More than 25,000 Queenslanders have backed a powerful coalition of legal and community services across the state calling for the age of criminal responsibility to be raised.

Today, Queensland Attorney-General Shannon Fentiman will meet with key legal and community services leaders to receive a petition containing 26,853 signatures, calling for the age of criminal responsibility to be raised from 10 to 14 years old.

The push comes less than a week after a heated debate in State Parliament about the issue, with the Queensland Government voting down a bill to raise the age to 14 years. Currently, 10 to 13 year olds can be arrested, strip searched and imprisoned in Queensland.

Attorney-General Shannon Fentiman told Parliament last week that the Queensland bill had come ahead of a federal decision between Attorney-Generals nationwide about raising the age, and the lack of a suitable framework to deal with 10 to 14 year olds’ harmful behaviour.

Aboriginal & Torres Strait Islander Legal Service (Qld) CEO Shane Duffy asked Queenslanders how they would feel if their 10 year old was “locked-up”.

“These children should be at primary school – that’s right, primary school – not sitting in a correctional facility on remand. It’s time we look at community-based and led solutions, and invest in the root causes or drivers of why these children come into the criminal justice system – and eventually detention – in the first place. We need more services, not sentences. How would you personally feel about your 10 year old being locked up?”

PeakCare Queensland Executive Director Lindsay Wegener, and a former director of Queensland youth detention centres, said the current laws were “dangerous and cruel”, and put children on a lifetime trajectory of crime.

“This is not only a matter of stopping very young children – some as young as ten – from being held in a youth prison,” Mr Wegener said. “It is also about ensuring that they are not handcuffed, fingerprinted, strip-searched, thrown before a court where the proceedings are beyond their comprehension, and being held in watchhouses overnight, or often for much longer periods of time. This may seem to be reasonable if it happens to someone else’s child, but what if it were to happen to your child?”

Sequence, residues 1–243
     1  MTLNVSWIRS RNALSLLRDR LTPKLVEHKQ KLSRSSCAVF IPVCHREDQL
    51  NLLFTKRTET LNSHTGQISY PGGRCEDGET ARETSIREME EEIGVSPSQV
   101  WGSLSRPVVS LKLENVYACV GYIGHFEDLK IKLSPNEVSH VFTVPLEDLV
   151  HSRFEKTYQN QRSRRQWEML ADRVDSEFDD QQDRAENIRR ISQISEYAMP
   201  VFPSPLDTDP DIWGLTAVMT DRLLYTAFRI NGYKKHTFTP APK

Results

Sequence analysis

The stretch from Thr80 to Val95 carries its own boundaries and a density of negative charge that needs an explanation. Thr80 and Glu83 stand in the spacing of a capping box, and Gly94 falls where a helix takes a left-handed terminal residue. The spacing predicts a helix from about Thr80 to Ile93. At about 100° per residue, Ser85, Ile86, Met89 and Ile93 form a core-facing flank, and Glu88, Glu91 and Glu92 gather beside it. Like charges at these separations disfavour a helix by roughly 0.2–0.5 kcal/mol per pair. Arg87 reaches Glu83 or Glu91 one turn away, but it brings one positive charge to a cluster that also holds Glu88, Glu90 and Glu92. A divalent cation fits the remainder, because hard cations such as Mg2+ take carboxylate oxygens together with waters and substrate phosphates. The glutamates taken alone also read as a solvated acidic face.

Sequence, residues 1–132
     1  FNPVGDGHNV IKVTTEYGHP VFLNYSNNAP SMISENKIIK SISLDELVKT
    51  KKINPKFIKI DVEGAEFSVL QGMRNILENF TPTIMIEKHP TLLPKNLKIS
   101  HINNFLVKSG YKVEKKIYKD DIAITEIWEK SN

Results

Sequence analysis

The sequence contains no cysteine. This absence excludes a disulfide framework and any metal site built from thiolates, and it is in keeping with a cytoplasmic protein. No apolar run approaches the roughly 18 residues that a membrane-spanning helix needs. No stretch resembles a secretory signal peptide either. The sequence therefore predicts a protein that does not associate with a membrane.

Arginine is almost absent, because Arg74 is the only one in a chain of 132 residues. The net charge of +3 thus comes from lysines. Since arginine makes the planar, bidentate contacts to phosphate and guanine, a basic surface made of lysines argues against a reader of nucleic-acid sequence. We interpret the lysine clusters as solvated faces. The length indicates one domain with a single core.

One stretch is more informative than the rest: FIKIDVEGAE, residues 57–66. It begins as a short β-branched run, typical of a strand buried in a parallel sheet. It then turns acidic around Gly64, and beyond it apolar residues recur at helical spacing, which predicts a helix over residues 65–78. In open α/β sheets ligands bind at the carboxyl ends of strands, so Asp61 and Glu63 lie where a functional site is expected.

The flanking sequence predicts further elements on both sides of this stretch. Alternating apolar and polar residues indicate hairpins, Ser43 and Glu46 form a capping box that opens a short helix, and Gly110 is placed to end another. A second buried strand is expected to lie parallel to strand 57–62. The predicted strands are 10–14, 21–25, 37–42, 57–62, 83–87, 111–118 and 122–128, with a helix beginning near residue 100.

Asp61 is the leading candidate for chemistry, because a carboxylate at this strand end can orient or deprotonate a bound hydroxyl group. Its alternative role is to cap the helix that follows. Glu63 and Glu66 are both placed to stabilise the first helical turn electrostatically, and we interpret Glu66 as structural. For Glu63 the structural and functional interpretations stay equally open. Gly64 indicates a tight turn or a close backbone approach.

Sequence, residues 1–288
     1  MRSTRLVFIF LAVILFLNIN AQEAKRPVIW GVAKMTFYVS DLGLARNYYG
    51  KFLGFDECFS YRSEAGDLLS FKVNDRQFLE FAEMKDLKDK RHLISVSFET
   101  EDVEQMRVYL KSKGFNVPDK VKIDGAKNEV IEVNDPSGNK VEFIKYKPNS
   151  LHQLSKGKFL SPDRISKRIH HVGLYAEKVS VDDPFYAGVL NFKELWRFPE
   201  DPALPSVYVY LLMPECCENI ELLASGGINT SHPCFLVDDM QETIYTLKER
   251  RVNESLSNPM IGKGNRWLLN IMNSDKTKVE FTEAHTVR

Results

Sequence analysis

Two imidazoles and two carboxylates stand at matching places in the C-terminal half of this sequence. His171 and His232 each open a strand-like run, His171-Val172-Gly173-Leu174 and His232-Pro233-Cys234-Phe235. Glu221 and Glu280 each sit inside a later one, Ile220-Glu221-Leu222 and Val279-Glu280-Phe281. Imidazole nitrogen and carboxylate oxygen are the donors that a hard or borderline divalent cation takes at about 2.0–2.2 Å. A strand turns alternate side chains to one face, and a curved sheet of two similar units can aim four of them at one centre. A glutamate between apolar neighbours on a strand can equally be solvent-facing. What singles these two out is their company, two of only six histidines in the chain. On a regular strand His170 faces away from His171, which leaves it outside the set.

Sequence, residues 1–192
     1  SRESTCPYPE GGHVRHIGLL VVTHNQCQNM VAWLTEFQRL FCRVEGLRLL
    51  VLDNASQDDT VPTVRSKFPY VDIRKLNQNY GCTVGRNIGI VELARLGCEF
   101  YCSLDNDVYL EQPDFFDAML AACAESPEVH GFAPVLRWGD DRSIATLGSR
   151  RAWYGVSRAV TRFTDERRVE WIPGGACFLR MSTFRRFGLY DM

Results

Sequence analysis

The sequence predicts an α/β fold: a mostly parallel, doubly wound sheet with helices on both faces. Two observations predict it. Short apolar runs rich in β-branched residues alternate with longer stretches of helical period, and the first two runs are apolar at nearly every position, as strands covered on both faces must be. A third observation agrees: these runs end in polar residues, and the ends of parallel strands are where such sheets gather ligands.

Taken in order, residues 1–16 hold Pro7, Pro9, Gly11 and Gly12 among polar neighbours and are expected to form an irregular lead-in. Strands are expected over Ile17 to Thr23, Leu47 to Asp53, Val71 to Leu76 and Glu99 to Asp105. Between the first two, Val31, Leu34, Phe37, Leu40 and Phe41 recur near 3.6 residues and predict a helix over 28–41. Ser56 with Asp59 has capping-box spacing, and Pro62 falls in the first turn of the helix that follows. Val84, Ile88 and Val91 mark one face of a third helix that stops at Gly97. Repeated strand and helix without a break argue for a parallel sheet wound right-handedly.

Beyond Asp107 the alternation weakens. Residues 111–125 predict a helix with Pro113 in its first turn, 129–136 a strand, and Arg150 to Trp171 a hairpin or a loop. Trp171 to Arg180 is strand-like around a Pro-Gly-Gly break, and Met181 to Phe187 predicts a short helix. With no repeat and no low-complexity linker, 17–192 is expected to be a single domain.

Matt Gardiner, CEO of 54 reasons, part of Save the Children Australia, said children should be in homes, not behind bars.

“We must protect young Queensland children from the trauma of incarceration and the cycle of disadvantage it creates, by instead implementing evidence-based early intervention and diversionary programs,” Mr Gardiner said.

Youth Advocacy Centre CEO Katie Acheson said raising the age would bring Queensland into line with international human rights guidelines, and medical and legal research findings.

“Instead of caring for these children who often have had very difficult lives, we are creating more trauma and exacerbates negative behaviour,” Ms Acheson warned.

Change the Record Co-Chair Cheryl Axleby said the Queensland Government should invest in community-based solutions “that actually work”.

“Not the outdated and ineffective ‘lock ‘em up and throw away the key’ policies that are failing all of us,” Ms Axleby said.

Queensland Council of Social Service (QCOSS) CEO Aimee McVeigh said supporting families and communities, including through properly funded community services, should be prioritised so that children as young as 10 do not end up in the criminal justice system.

“The Queensland Government has, for decades, underfunded community services that could prevent crime by young people. The Queensland Government should front up for better services for young people, supporting families and communities, and getting kids back at school.”

Queensland is the fourth state government to be presented with a petition, as part of the nationwide Raise The Age campaign.

22 August 2022 |Service type: